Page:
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Public engagement 1: Know your audience!

This month sees the first in a series of articles from Hassun El-Zafar, our Public Engagement Officer, telling us about the importance of knowing your audience when planning public engagement activities. If you’d like to get in touch or share your thoughts with Hassun you can find him on Twitter @HassunElZafar or email at Unfortunately, since leaving the North, he is unable to take messages via Owls or Ravens.  

We all love public engagement. Or, at least, we all should love public engagement. After all, what’s not to love about the idea that contemporary, boundary-pushing and pioneering research is made accessible for the public, rather than being known only to an exclusive pocket of research, academic or industry experts?

Over the past seven months, I’ve had the privilege to lead on the Royal Society of Chemistry’s public engagement activities. It’s been a phenomenal ride in which I’ve been able to meet, connect and work with many fantastic individuals and organisations across the UK and world. And by doing so I’ve being able to have some honest reflections on the impact of mainstream public engagement in science, particularly in the chemical sciences.

Before I delve into these reflections, it’s worth mentioning that prior to my post here at the Royal Society of Chemistry, I worked as a secondary science teacher and ran several outreach programmes in numerous inner-city areas across south Yorkshire. I was the type of teacher who’d voluntarily run STEAM clubs, science weeks, and organise informal extra-curricular events for students and parents to meet with STEAM industry and research experts. And yes, I was unapologetically that science teacher who’d find any excuse to do the biggest, most colourful and impressive science demonstrations.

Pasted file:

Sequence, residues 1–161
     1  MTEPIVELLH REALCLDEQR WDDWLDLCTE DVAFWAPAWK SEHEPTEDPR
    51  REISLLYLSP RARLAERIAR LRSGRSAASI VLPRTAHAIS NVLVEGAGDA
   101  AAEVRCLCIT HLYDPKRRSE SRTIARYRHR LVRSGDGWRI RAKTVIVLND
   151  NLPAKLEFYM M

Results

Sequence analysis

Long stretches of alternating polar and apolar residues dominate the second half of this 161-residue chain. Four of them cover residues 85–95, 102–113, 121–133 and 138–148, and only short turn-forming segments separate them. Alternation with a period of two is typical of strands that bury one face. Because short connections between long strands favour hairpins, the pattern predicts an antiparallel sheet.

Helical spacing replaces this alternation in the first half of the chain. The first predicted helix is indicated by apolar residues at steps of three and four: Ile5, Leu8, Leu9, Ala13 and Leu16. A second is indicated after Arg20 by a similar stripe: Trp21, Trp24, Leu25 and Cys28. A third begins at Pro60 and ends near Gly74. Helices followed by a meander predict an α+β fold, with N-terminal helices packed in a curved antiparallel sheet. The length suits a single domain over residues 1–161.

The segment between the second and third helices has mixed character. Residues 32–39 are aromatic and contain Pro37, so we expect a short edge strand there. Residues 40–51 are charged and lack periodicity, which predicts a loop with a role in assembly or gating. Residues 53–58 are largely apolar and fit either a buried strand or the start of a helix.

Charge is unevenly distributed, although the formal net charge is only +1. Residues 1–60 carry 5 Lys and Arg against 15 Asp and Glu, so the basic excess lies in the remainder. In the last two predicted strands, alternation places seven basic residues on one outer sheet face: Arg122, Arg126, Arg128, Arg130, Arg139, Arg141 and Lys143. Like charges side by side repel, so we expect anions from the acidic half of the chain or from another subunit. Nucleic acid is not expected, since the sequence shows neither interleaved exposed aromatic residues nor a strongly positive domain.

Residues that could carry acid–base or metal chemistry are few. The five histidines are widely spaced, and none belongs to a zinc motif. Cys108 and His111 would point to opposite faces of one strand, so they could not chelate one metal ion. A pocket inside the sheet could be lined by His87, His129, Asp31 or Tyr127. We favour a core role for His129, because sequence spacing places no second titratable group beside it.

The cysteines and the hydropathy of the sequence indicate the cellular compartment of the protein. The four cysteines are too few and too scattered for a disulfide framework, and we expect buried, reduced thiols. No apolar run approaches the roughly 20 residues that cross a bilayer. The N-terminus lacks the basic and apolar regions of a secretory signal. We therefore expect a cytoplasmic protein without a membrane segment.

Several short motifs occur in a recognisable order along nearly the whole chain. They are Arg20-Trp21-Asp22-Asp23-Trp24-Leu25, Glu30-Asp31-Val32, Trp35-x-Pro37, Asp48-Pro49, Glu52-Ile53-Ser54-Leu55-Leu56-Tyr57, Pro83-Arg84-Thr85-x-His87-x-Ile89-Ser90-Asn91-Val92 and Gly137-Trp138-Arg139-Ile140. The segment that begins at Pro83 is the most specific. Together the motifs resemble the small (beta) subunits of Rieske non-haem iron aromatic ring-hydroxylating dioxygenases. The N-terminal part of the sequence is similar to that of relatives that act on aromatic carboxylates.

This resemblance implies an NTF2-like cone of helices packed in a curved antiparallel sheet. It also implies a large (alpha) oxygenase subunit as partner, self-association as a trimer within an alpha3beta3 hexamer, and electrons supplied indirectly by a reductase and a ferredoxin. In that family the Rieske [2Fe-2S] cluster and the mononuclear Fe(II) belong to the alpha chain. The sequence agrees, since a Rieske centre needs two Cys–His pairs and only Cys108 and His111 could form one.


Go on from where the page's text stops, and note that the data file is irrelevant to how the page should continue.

I believed then, as I do now, in Maya Angelou’s beautiful quote in which she states that ‘people will forget what you said, people will forget what you did, but people will never forget how you made them feel’. I think this quote helps build a metaphorical scaffold for my reflection, and a link to the grander overview of science engagement. After all, there is, and probably never will be, one singular viewpoint of how science engagement is best done. But I’d like to think that we could all at least agree that if an audience feels bored, condescended to or intimidated by our approaches, then something needs to change.

On that note, here’s the beginning of my five-part blog (I promised to not overdo them like the Fast and Furious movies!) where I’ll share my thoughts on public engagement. I’d love to hear from you too! You can get in touch via Twitter @HassunElZafar and email

Blog One: Know Your Audience
Let me set the scene.
I’m at my desk in the RSC offices with a fair trade banana and Yorkshire Tea cuppa by my side.
The phone rings.
I answer enthusiastically, and it’s our keen member Tim (not a real person). He’s got a fantastic idea to engage the general public with climate science (#ClimateActionNow) and would like us to support his idea with £10,000, a room in Burlington House on a weekday evening, and some complimentary wine and canapés (yummy!).